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Rock and Roll High School Reunion at the Casbah in San Diego

  01/31/11 21:20, by , Categories: BFMN Exclusive, Bands, Review, Steven Rask , Tags: dark globe, deadbolt, san diego, scheming intelligentsia, steven rask, the dragons, the front

A Review by Steven Rask
Photos by Kathleen Tolen

Being part of the San Diego music scene in the mid-1980s was a great time. Age 20-something, exploring life, getting a grip on reality while still coveting those youthful days just a few years ago. Everyone in the scene was either in a band, starting a band, or knew someone in the band. There was a kind of exclusivity amidst the crowd, and it was comfortable. As life continues, that scene slowly fades into the 9-5 grind, the responsibility of  family, and conversations with friends consist of “long time, no see” and “remember when?” Once in a while, there would be a revisit of those days with a one-night gig at the “old club,” and all would come together to catch up and relive a little bit of the glory days.

January 28, 2011 at the Casbah was similar to one of those “catch up” nights, but more like a bad John Hughes film with old teenagers and a great soundtrack. It was a capacity crowd of used-to-be 20-something, now 40-somethings. Mutual friends, mostly alumni from 1980-1990 Chula Vista High, Bonita Vista, Hilltop High and other schools from that area got together for a night of glorious post-punk music from their favorite local bands. The Dragons, Deadbolt, The Front, and Dark Globe gave impressively youthful performances. Their friends and adoring fans, meanwhile, acted as if they were still roaming the halls of their Alma Mater, full of school spirit (not to mention the various spirits sold at the bar), some dressed as if they were still in the era from which they graduated.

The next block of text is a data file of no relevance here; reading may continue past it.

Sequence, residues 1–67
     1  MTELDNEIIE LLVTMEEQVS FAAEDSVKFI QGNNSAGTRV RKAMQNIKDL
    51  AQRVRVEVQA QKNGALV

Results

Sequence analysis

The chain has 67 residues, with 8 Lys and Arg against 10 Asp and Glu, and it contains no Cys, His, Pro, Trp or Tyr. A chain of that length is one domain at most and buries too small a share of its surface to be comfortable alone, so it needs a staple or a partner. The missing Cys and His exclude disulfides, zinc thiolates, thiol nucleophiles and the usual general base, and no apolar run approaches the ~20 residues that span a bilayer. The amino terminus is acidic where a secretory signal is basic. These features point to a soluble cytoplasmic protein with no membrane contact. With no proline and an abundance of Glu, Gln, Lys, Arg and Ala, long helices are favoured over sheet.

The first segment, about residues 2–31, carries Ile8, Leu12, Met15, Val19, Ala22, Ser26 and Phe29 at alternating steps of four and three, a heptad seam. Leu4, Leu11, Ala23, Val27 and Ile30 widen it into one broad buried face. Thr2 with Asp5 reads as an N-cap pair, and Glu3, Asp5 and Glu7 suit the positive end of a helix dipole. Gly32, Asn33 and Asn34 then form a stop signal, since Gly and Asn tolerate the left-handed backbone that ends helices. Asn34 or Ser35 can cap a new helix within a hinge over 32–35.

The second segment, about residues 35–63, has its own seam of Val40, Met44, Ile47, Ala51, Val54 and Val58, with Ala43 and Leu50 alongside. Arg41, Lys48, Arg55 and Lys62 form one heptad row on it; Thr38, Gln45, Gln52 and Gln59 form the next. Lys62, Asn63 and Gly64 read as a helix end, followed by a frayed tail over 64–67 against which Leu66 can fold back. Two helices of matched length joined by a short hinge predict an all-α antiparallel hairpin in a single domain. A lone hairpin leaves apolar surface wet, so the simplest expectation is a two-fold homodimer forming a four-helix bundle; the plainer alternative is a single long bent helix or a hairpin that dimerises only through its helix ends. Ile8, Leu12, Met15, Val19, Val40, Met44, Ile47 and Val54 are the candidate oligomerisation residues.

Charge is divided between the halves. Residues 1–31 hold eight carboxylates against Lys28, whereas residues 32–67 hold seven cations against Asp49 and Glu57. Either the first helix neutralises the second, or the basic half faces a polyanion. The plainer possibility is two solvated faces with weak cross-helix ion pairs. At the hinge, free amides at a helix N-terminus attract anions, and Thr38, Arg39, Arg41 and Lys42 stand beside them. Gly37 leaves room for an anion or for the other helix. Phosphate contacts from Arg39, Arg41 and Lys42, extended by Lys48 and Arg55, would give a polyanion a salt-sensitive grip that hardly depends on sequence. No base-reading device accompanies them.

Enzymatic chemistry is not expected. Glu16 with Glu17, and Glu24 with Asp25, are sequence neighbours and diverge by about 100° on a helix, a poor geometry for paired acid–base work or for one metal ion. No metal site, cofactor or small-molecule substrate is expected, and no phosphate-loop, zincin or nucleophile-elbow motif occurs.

Dark Globe, Photo by Kathleen Tolen

Dark Globe took the stage first, and and delivered their set with the fervor of youth. They busted out tunes from their catalog, including the pumping, 2-minute instrumental, Spin Her on My Johnson, the rousing, Fish Cold Light of Day, and the always entertaining jam in E, No Boom-Boom (the title taken from Stanley Kubrick’s “Full Metal Jacket"). Traditionally, during the instrumental breakdown of No Boom-Boom, bassist Mike Jones and drummer Conway Bowman would set into a heavy groove, and lead guitarist Scott Evans filled the space with inspired guitar cacophony, while singer/guitarist Jon Gire (pronounced, “Gear-ey") quoted lines – and sometimes full scenes – from Kubrick and other films. In past shows, Gire would often rant for 5-6 minutes. On this veritable ‘Senior Grad Night’ Gire put a twist on the rant, and brought forth an apt theme of responsibility, quoting an entire scene from James Foley’s “Glengarry Glen Ross.” “Let’s talk about something important!” screamed Gire, and delivered a rant that made Alex Baldwin look like a senior in a high school drama.

THe Front, Photo by Kathleen Tolen